Genevieve Valentine‘s first novel, Mechanique: A Tale of the Circus Tresaulti, was nominated for a Nebula. Her short fiction has appeared in Clarkesworld, Lightspeed, Subterranean, and more, and the anthologies The Living Dead II, Running with the Pack, Teeth, and others. She has written articles and reviews for NPR.org, Strange Horizons, and Weird Tales. Her appetite for bad movies is insatiable, a tragedy she tracks at genevievevalentine.com.
SF Signal had the opportunity to talk with several authors involved in the new anthology, After: Nineteen Stories of Apocalypse and Dystopia, edited by Ellen Datlow and Terri Windling, and featuring stories asking: If the melt-down, flood, plague, the third World War, new Ice Age, Rapture, alien invasion, clamp-down, meteor, or something else entirely hit today, what would tomorrow look like? Some of the biggest names in YA and adult literature answer that very question in this short story anthology, each story exploring the lives of teen protagonists raised in catastrophe’s wake—whether set in the days after the change, or decades far in the future.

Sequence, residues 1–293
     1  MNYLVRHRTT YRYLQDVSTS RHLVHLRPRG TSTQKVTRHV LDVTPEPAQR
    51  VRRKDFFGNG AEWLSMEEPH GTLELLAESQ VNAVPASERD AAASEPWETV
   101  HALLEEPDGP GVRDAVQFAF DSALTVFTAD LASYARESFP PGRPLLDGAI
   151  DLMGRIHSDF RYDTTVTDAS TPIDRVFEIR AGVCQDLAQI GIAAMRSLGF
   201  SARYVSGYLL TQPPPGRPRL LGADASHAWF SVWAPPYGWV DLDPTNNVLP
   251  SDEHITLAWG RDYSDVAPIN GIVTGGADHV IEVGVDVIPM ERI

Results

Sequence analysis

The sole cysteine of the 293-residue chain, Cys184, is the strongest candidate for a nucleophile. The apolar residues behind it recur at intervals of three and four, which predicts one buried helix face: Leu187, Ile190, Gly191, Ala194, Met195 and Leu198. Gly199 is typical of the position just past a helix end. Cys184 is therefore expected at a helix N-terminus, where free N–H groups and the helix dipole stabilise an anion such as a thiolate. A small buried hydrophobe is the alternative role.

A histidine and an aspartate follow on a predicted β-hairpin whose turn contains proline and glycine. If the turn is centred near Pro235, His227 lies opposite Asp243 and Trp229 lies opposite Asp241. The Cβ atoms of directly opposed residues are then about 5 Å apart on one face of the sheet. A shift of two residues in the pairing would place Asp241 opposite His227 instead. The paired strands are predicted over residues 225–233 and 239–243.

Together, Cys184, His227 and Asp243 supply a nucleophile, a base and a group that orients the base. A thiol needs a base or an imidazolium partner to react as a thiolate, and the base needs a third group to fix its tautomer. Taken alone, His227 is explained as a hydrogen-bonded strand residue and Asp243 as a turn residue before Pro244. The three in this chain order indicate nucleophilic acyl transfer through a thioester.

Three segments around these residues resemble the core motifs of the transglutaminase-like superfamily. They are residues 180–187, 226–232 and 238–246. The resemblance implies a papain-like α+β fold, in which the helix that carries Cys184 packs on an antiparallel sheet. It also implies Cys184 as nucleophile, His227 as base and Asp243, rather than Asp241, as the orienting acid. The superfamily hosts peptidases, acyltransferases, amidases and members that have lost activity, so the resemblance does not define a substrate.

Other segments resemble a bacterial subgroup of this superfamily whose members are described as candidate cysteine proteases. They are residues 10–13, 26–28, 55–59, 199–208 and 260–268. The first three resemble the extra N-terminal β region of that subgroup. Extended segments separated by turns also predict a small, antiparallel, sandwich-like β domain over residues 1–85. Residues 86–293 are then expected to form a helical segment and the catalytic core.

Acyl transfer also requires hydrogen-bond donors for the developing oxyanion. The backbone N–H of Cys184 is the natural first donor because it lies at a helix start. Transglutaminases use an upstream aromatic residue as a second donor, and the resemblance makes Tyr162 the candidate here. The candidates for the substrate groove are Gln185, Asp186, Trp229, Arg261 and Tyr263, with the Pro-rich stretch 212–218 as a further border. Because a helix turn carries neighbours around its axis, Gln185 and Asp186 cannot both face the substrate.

CHARLES TAN: Hi Genevieve! Thanks for agreeing to do the interview. For you, how would you define Dyslit or what are its essential characteristics?
GENEVIEVE VALENTINE: I would say that the vast majority of dystopias hinge on some fault (or faults, there are always plenty) in a particular society, extrapolated and emphasized to reveal the monsters in the machine. This can be as obvious and gradual as a government that has come to spy on your every move, or as bizarre-yet-pervasive as the youth culture in Logan’s Run, because both of them are showing us what’s inherently wrong with us, now – which is the true point of a dystopia.
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